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State antitrust rules apply to radio

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In an important test case for the broadcast industry, the Utah Supreme Court ruled Tuesday that radio stations are subject to state antitrust provisions.

The unanimous decision stemmed from a petition by four Uintah Basin radio stations to quash state antitrust civil investigative demands - known as CIDs - on grounds radio stations are exempt from state investigation and on grounds of insufficient evidence.The investigation began after a merchant complained of possible collusion in the pricing of radio advertising in the Vernal and Roosevelt market. The merchant also alleged that he was offered a discount to advertise in both cities.

The two stations in Roosevelt, KNEU and KFIX, are owned by Joseph Evans' Evans Broadcasting. The Vernal stations, KVEL and KLCY, are owned by James Davis' Ashley Communications and managed by Evans' son, Steven Evans. Also, the Vernal stations are based in a building co-owned by the Davis and Evans families.

In December 1996, the attorney general's antitrust division issued CIDs requesting testimony and documents relating to advertising prices and collusion among the four stations. With the support of the Utah Radio Broadcasters Association, the station owners filed a petition to quash.

"We thought the issue had much broader implications for the industry, so we participated and helped follow it through," said association spokesman Dale Zabriskie. "Basically, we believed that federal pre-emption would prevail."

And it did prevail in its initial test in 3rd District Court, where Judge David S. Young concluded the state hadn't shown "probable cause" for an investigation and that radio stations are exempt from state investigation because they are regulated by the Federal Communication Commission.

The state appealed to the Utah Supreme Court, arguing Young had applied too high a standard of evidence for the investigative stage of an antitrust action. The state also contended that Utah's antitrust law encompasses those activities not regulated by the FCC, including advertising rates.

Charlene Barlow, chief of the attorney general's Consumer Rights Division, said, "There are areas in which the FCC has exclusive oversight, but in pricing, they (the FCC) do not. And if the state had no power to investigate possible antitrust violations in this area, it would fall between the cracks."

Equally important to the division was Young's application of the "probable cause" standard instead of the lesser "reasonable cause" standard, Barlow said. Investigations by their very nature begin with very little evidence, she explained.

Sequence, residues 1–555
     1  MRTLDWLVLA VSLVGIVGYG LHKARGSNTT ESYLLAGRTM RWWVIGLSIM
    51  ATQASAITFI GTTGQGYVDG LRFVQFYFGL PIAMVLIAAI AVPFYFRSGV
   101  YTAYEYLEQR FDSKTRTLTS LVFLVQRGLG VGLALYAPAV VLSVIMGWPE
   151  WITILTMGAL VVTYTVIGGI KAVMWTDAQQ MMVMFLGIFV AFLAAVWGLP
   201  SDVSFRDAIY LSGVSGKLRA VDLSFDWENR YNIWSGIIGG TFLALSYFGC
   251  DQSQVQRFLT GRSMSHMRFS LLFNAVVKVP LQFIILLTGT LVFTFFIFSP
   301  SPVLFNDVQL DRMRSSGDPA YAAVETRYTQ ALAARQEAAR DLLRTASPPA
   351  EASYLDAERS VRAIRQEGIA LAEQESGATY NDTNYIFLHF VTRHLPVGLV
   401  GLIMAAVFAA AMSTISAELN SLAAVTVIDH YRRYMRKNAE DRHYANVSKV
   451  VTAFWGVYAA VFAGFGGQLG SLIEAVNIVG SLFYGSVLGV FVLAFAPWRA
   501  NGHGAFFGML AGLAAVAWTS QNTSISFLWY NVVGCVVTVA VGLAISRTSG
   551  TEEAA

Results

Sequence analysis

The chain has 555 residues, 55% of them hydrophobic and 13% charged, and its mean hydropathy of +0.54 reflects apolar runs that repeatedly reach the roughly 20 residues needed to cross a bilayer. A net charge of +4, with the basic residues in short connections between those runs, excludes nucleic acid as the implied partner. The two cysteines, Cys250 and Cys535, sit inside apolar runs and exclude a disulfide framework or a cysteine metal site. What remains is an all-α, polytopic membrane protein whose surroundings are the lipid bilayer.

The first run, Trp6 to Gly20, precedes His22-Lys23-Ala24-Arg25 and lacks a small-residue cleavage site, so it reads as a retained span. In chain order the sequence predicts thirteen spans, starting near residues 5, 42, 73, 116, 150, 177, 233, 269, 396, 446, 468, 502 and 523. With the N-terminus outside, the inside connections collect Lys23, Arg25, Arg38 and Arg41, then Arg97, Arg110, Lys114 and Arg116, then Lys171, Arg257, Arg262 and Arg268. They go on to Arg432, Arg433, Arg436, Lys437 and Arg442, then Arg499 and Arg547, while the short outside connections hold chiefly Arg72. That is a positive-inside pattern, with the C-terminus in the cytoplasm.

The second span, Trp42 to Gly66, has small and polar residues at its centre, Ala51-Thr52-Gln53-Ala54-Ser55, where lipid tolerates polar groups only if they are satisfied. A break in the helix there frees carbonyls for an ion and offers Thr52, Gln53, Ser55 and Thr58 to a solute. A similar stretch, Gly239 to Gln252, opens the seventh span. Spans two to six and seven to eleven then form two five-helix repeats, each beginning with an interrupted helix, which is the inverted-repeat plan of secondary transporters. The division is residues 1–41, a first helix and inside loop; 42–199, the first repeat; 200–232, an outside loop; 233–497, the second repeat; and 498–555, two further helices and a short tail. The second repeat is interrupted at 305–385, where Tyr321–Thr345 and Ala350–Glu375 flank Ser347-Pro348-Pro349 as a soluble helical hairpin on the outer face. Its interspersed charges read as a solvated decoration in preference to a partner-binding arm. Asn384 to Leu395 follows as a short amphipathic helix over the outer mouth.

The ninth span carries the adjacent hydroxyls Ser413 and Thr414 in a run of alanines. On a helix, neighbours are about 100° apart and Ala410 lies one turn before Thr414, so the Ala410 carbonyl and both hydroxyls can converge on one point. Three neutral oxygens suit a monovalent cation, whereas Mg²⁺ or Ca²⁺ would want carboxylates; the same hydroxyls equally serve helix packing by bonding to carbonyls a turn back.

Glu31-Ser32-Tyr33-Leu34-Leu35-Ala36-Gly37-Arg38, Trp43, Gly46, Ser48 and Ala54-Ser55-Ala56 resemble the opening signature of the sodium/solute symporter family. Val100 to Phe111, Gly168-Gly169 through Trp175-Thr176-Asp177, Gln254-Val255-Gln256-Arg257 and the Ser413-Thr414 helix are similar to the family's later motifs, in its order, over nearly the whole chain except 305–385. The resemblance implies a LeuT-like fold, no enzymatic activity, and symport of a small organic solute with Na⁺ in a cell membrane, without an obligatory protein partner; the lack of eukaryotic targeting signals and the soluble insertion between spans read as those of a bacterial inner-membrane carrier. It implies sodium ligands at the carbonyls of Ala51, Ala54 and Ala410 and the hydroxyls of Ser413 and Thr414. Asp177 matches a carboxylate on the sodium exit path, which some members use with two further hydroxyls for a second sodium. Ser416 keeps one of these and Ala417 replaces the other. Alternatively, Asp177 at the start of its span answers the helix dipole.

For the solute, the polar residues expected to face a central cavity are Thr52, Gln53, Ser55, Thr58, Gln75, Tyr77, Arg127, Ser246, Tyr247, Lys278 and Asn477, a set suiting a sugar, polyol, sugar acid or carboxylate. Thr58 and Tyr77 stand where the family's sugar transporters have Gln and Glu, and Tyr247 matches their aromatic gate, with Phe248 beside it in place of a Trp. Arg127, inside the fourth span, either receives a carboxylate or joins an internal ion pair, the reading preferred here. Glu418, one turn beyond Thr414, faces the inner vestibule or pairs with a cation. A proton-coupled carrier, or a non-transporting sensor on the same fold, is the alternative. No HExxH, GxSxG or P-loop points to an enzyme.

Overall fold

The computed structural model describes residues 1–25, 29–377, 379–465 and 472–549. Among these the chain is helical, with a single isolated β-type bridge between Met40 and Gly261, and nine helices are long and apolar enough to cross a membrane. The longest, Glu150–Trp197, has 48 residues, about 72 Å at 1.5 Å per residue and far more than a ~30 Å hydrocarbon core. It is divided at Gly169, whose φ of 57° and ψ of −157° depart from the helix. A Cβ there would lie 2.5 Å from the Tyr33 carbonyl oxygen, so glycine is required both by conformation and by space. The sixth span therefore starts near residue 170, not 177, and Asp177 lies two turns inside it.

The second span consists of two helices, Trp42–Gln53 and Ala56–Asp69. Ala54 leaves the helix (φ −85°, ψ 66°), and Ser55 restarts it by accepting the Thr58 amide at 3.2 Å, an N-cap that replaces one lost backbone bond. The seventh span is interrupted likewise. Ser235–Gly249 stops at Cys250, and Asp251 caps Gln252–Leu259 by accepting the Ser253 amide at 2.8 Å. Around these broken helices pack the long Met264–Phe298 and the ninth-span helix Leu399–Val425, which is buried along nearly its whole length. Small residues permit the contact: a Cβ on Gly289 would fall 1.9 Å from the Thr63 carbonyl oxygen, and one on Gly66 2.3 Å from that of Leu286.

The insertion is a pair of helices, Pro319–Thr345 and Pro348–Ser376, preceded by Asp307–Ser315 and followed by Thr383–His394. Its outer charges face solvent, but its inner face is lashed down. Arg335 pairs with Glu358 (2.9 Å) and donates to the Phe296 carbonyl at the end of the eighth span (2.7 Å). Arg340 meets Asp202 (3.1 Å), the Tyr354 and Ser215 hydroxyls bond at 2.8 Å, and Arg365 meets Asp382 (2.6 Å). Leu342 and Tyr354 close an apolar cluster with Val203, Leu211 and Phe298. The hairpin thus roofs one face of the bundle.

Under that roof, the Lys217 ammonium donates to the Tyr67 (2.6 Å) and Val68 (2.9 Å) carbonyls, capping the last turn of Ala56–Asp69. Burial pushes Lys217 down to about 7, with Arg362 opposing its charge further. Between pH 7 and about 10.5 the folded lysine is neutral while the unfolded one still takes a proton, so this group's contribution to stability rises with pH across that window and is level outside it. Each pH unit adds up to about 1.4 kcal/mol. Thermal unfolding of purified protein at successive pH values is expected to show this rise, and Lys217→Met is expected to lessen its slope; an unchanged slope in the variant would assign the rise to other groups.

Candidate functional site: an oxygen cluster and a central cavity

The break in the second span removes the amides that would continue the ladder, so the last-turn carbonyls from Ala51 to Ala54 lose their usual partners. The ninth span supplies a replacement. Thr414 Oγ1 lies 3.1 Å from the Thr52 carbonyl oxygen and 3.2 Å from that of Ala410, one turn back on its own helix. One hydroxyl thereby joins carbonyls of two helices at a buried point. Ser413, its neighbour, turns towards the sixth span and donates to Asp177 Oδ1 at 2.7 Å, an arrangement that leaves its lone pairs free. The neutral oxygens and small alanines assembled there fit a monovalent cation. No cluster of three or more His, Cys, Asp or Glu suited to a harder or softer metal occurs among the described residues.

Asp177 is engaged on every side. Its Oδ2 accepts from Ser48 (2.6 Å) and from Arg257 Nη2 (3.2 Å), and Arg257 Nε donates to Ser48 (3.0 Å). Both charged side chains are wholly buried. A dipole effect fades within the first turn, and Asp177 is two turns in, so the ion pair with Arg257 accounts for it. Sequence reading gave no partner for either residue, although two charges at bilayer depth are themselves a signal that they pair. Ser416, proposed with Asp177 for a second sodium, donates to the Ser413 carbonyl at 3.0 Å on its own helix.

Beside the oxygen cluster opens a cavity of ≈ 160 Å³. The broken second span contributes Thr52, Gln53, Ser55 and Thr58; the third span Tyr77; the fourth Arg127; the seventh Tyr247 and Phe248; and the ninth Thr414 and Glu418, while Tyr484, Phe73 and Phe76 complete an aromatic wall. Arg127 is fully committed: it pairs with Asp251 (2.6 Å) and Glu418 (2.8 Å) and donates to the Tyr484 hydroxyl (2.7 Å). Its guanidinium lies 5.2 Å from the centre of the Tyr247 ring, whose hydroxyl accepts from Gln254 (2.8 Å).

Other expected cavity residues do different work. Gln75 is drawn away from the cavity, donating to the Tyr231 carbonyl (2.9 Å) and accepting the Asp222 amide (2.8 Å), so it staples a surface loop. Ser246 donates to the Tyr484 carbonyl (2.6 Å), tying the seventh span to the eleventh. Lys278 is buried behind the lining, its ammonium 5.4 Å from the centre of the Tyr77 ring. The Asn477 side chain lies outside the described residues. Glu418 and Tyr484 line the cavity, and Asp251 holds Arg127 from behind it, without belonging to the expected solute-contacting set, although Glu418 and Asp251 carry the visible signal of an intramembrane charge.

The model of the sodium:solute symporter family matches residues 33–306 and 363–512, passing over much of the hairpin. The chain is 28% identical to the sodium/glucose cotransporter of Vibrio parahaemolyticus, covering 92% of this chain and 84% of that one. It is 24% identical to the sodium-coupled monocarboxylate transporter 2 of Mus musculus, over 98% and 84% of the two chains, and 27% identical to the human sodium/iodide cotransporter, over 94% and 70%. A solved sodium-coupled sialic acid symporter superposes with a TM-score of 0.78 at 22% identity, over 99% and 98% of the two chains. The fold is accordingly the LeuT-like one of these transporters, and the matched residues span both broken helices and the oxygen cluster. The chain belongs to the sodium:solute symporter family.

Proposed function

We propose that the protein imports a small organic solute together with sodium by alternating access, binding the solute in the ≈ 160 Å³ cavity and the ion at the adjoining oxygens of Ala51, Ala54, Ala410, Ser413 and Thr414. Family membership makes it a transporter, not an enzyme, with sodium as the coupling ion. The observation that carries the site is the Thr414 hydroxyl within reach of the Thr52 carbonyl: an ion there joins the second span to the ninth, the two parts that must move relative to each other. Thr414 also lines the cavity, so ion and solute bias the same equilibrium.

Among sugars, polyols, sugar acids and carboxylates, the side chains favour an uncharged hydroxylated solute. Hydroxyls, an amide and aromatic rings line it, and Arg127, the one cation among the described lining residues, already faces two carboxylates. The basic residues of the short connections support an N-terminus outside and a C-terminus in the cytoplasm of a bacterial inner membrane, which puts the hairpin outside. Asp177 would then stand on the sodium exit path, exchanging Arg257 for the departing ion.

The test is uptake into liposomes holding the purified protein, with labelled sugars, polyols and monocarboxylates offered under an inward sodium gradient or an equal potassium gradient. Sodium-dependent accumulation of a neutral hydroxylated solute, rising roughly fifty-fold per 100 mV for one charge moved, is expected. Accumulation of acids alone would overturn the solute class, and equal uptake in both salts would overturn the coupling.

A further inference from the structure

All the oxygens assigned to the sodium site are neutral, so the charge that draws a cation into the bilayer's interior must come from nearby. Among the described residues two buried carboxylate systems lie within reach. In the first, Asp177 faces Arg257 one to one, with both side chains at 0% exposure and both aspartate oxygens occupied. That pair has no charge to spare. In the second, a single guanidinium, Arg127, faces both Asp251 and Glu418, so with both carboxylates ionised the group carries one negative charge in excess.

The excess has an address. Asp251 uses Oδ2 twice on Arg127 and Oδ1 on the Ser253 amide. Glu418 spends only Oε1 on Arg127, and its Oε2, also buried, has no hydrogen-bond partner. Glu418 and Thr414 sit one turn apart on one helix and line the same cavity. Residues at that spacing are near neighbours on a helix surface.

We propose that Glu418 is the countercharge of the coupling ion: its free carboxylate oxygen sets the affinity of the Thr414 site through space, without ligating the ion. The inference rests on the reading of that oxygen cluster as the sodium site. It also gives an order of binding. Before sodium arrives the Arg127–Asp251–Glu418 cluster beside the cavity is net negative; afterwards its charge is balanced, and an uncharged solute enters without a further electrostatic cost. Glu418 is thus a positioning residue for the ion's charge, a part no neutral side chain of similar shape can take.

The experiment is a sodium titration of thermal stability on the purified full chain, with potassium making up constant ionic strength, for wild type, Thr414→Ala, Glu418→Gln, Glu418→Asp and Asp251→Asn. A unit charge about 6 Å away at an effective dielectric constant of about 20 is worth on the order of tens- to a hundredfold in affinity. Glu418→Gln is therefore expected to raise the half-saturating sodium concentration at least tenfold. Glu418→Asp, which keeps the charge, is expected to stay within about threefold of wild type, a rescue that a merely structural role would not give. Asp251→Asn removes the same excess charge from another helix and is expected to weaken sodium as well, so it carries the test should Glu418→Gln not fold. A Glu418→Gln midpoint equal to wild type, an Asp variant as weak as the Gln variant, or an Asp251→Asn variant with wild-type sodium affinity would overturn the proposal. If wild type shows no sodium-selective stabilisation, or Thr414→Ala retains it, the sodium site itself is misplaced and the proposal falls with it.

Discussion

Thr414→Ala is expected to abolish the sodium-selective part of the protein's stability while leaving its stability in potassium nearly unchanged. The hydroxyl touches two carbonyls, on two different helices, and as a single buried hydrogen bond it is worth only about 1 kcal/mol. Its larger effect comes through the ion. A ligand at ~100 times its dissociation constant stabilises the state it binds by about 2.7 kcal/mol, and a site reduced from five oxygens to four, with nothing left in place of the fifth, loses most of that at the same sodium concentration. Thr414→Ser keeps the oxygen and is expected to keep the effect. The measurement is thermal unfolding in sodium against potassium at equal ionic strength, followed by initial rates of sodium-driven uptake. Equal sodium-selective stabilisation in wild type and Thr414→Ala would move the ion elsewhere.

The Supreme Court agreed with the state on both points. Writing for the court, Justice Leonard Rus-son said the state Antitrust Act authorizes the attorney general to issue CIDs when there is reasonable cause to believe that someone may have information relevant to an antitrust investigation.

While agreeing with the radio station owners that the state must have some objective evidence of a violation to support an investigation, Russon said, "The higher protections afforded by higher stan-dards are not necessary because CIDs are part of an investigation rather than an enforcement action."

On the question of federal pre-emption that attracted the attention of the broadcast industry, the justices said statutory language "clearly indicates the Legislature's intent that corporations and persons operating radio stations must comply with the Utah Antitrust Act."

However, Russon said the act must be narrowly construed to exempt those activities regulated by the FCC. For example, political advertising rates may be exempt from the state law because they are regulated by the FCC, the court said.

"Therefore, the state may enforce the Utah Antitrust Act to the extent that no conflict exists between the state and federal law and to the extent that the state is not pre-empted from doing so by the federal government," Russon said.

Joseph Evans said the legal battle was essentially a test case for the broadcast industry rather than a dispute over the conduct of his radio stations.

"I had already provided the state with everything they requested even before we went to court," Evans said. "We have cooperated fully with the state. We have done nothing wrong and have nothing to hide."

According to Evans, the issue of antitrust application has become more important to the state and to the broadcast industry because of the massive consolidation occurring in radio ownership, where more and more stations are being bought up by large conglomerates.